Top of the class, but so very tired
SINGAPORE'S teachers are among the best-trained and hardest-working in the world, according to a global survey conducted by the Organisation for Economic Cooperation and Development.
But while their dedication has borne fruit - as showcased by the consistently outstanding academic performances of students here - these teachers told My Paper that they are also very tired.
The Teaching and Learning International Survey (Talis) conducted in 34 countries last year showed that teachers in Singapore rated far above their overseas counterparts with regard to how well prepared they are, even before becoming full-fledged teachers.
Ninety-nine per cent of teachers have completed a teacher education programme, compared to the Talis average of 90 per cent.
Singapore also has the highest proportion of seasoned teachers - at 39 per cent - serving as mentors to the less experienced ones, which is nearly thrice more than the 33 other countries that participated in the survey.
Almost all teachers also continue to learn and train throughout their careers. The Ministry of Education completely covers the costs of this lifelong learning, and nine in 10 have benefited from this, compared to two-thirds in other nations.
But teachers here also put in among the longest hours.
The 3,109 lower-secondary teachers from 159 schools who took part in the survey said they worked a total of 48 hours a week on average, 10 hours more than the Talis average.
This includes teaching time, marking students' work, as well as running co-curricular activities (CCAs) and counselling students.
Teachers that My Paper spoke to said this was an underestimation of the time spent working.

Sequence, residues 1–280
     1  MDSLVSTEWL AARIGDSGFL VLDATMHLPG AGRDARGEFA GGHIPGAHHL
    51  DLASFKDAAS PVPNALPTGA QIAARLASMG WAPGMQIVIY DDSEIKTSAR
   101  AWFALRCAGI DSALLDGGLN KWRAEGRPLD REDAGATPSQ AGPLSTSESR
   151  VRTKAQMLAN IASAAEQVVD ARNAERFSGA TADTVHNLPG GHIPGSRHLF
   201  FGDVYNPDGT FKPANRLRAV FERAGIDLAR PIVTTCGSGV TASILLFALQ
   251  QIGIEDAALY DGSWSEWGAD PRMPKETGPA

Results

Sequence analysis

Mr Ang, who has been teaching for under a year, says he works 12 hours each work day and this includes taking home assignments to mark.
"There are 101 things to do, including time-consuming administrative tasks such as attendance taking and running CCAs. I just feel overworked," said the 31-year-old.
The survey suggested that teachers here spend 11 per cent of their time on administrative tasks, but teachers said this varied widely across schools.
"Each school has its own system and even within the school, each teacher works differently, depending on their level of experience," said a teacher who wanted to be known as Sofia.
An educator, Mr Tan, pointed out that the administrative tasks cannot be exactly classified as a non-teaching-related activity, as some of the work "does ultimately contribute to improving the student's academic progress".
Some said the long hours mean that work-life balance is difficult to achieve. Others said this was a Singaporean norm, and teachers were not the only ones working so hard.
"My friends who work in other civil service sectors have much less free time than me," said Mr Tan.
What keeps them going?
"I teach because I want my students to succeed. Every time a student thanks me for helping them, I feel that I have done my part and this makes all the hard work worth it," said teacher Fiona, who has toiled for 30 years.